Using Therapy to Cope Through My Chronic Illnesses

Endometriosis certainly plays a role in affecting us physically. But one of the most significant ways endometriosis affects many of us is mental and emotional.

Sometimes, I believe those two bother me more than my pain and symptoms.

I have always been one with some anxiety and depression. Especially growing up. I never fully learned how to cope with bullying, heartbreak, and traumatic events.

Then a few years later, add on endometriosis and all its baggage, and you just have a recipe for disaster.

But like so many of us, I did cope. Or try to, anyways. I pushed through the hard and lived life as best as I could. Smiling and doing things any other 'normal' human would do without showing signs that I was in pain or unhappy.

But within these last few years, that coping has gotten tricky. I'm tired. I don't want just to cope anymore.

Sometimes, I don't even want to exist. The funny thing is, no one would ever know that just by looking at me or my social media.

It's not something I want people to know.

I don't want people to feel bad for me. I don't want people to keep reaching out to see if I'm okay.

Acknowledging that I need help

The fact of the matter is, I'm not okay. No matter how often people ask me, I won't be okay.

The pain has become something I have learned to live with. But I haven't accepted how much this illness has taken from me.

My genuine smile and laughter. My confidence and self-love when I look at myself. I can truly enjoy this beautiful life because my life is truly beautiful.

I hate the angry, sad, weak person I have become. But I know deep down I am still here.

I know deep down I will find her again. I also have come to realize I can't find her on my own.

Chronic illness comes with too much attachment to it. No matter how many amazing support groups or friends I have to talk with and to, it isn't enough.

Maybe that sounds selfish and ungrateful, but it just isn't enough. Then, something clicked last month and made me realize I needed professional help.

What I am feeling and what I have bottled up is just way too heavy for me to keep carrying around. I'm dying a little bit inside every day.

I don't mean literally. I mean, the girl I used to be that I know is in my body somewhere is slowly dying. This new, unhappy version of me is taking her place.

When that realization sunk in, I knew it was time. Time for me to figure out how to keep this unhappy version of me from continuing to grow inside.

While I can only do so much to manage endometriosis itself, I know I can find better ways to cope.

Starting therapy

Therapy is where I can talk, learn new ways to cope, make goals and plans, and have professional help on my side. However or whenever I need it.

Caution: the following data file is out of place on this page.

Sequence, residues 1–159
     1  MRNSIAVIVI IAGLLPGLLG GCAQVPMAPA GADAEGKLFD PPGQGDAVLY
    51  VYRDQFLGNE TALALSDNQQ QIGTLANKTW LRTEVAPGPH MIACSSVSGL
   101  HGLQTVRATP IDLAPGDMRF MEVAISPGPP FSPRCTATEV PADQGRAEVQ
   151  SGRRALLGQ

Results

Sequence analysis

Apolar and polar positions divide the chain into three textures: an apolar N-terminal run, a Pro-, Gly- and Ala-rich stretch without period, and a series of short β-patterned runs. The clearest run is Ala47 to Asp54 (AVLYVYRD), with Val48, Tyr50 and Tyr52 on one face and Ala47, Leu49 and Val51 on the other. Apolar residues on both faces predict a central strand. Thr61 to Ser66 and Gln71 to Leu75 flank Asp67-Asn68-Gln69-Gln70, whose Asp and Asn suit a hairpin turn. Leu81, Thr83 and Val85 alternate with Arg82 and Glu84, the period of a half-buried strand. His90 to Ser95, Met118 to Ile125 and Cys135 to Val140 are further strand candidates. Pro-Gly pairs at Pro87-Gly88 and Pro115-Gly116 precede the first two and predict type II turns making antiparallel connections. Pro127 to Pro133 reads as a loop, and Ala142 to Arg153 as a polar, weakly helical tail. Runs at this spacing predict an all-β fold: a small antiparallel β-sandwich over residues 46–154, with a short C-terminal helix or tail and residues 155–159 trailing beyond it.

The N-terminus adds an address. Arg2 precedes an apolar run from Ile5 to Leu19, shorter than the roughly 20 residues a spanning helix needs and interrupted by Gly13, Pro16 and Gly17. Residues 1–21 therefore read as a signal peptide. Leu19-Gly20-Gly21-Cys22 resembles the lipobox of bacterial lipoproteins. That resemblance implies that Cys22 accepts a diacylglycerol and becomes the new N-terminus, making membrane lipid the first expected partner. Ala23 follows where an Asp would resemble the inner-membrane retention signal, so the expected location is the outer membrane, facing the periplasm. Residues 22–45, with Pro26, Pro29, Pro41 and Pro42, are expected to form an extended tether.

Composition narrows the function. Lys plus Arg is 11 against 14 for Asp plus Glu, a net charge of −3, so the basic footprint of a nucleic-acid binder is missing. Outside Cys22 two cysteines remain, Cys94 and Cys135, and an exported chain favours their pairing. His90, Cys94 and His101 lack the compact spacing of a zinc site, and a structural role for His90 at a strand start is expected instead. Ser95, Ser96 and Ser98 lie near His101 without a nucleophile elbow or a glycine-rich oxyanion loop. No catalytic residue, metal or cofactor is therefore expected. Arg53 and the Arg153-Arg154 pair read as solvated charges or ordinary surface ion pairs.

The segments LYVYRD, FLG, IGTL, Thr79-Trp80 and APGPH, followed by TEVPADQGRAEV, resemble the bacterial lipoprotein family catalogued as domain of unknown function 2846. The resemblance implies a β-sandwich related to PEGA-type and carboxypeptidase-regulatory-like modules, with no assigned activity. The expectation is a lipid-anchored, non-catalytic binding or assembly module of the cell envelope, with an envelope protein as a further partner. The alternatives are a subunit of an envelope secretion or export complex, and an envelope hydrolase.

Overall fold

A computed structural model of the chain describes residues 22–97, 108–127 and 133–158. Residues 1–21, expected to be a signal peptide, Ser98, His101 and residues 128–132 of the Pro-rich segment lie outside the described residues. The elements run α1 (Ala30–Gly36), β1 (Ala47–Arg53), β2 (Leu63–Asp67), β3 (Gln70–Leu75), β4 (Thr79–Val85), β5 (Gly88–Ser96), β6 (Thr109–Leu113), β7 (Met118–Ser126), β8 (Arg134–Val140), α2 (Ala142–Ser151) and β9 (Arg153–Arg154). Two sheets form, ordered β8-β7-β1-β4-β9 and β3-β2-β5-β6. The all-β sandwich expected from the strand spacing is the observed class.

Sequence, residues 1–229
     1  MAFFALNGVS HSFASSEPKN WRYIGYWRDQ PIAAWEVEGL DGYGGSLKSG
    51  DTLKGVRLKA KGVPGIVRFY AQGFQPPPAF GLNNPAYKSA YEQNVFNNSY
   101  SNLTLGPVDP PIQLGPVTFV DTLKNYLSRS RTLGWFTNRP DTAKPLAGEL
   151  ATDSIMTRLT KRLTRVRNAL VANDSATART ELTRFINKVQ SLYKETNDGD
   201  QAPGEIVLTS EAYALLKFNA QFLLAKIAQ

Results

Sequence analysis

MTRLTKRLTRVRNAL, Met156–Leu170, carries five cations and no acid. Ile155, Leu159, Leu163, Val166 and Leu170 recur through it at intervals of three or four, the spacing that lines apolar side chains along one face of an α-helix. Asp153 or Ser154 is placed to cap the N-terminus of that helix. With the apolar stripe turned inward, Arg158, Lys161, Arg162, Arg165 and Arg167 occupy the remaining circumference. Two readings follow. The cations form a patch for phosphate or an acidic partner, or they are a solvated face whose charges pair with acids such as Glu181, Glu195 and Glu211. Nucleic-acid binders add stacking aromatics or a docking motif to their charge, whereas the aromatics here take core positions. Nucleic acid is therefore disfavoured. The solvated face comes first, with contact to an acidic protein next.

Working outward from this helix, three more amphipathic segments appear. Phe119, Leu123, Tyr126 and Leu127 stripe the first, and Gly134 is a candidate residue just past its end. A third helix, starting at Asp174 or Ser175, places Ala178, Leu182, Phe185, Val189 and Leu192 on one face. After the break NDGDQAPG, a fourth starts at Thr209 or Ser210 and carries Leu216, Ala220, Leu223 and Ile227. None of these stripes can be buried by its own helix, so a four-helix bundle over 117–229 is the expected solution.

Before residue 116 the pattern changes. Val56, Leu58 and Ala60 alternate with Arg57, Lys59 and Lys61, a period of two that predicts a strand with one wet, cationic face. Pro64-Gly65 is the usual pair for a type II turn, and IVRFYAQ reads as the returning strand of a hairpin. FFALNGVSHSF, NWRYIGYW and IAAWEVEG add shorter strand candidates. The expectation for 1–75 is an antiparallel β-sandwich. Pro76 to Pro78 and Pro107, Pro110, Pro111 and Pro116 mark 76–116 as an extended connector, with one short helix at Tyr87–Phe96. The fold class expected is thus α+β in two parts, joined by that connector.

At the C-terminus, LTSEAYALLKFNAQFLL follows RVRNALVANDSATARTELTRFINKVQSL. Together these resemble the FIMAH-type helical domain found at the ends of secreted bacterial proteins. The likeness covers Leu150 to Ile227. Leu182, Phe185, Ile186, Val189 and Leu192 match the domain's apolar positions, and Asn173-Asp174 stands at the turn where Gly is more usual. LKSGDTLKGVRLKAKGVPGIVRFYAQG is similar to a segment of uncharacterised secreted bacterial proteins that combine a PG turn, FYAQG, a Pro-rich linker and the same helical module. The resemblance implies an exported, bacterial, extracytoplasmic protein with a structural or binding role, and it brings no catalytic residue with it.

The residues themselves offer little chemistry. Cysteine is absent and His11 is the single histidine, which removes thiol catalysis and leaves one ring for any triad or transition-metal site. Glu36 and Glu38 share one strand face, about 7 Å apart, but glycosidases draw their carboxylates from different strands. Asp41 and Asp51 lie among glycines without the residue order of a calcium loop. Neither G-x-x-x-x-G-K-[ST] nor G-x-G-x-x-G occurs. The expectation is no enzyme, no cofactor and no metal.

Most importantly, on those dark days. I know that it won't cure me of my illnesses, but I have so much hope it will help me handle them better than I am.

That it will help me truly enjoy my life and push me out of the depressed, I-hate-myself mood I seem to be in constantly.

I was very hesitant at first. It's scary stepping out of your comfort zone and telling a stranger your problems, especially those personal problems that come with chronic illness.

If I am being honest, it's scary to think about. What if I learn to cope and start loving myself and life more?

I know that sounds crazy, but when you are suffering a chronic illness for so long, you get comfortable with being unhappy, wanting to be left alone, that it becomes scary thinking about what life could look like outside of all of that.

I am ready for the next step

I am proud to take this next step. I don't know what the outcome will be. But I am ready to work hard and fight those negative feelings that endometriosis makes me feel daily.

To learn how to love me, talk kinder to myself and have someone who will fully listen to me.

So why am I sharing this? Because I want you to know, dear warrior, if you are in a dark place like me, you are not alone.

Know that it's okay to reach out for help. What we deal with daily is not easy. Taking care of our mental health is important, and you shouldn't feel embarrassed for wanting to talk to a professional.

Sending you all gentle hugs.

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This article represents the opinions, thoughts, and experiences of the author; none of this content has been paid for by any advertiser. The team does not recommend or endorse any products or treatments discussed herein. Learn more about how we maintain editorial integrity here.

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